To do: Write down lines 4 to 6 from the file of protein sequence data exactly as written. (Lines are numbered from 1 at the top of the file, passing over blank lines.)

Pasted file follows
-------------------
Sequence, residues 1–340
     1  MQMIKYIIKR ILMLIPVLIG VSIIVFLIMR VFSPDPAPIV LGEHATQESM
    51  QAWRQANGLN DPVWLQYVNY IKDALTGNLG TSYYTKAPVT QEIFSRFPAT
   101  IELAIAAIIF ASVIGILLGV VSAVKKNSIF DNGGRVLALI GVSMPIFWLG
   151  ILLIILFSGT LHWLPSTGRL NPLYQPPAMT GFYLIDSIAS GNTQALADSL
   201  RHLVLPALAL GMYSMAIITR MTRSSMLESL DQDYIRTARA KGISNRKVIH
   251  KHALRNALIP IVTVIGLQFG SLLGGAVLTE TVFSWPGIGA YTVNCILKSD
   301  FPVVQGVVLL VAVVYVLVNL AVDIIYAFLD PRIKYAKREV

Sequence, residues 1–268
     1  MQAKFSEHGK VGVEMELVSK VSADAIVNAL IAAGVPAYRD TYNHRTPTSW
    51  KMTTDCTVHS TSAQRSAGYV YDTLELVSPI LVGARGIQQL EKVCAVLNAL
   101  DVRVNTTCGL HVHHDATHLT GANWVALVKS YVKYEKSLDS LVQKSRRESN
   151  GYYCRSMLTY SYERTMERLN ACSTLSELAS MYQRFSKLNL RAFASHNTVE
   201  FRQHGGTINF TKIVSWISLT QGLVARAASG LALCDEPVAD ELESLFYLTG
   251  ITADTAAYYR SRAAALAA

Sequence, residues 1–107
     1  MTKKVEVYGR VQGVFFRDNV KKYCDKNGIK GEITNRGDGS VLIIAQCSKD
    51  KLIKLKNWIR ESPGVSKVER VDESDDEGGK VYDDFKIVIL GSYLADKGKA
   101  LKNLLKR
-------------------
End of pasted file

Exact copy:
   101  IELAIAAIIF ASVIGILLGV VSAVKKNSIF DNGGRVLALI GVSMPIFWLG
   151  ILLIILFSGT LHWLPSTGRL NPLYQPPAMT GFYLIDSIAS GNTQALADSL
   201  RHLVLPALAL GMYSMAIITR MTRSSMLESL DQDYIRTARA KGISNRKVIH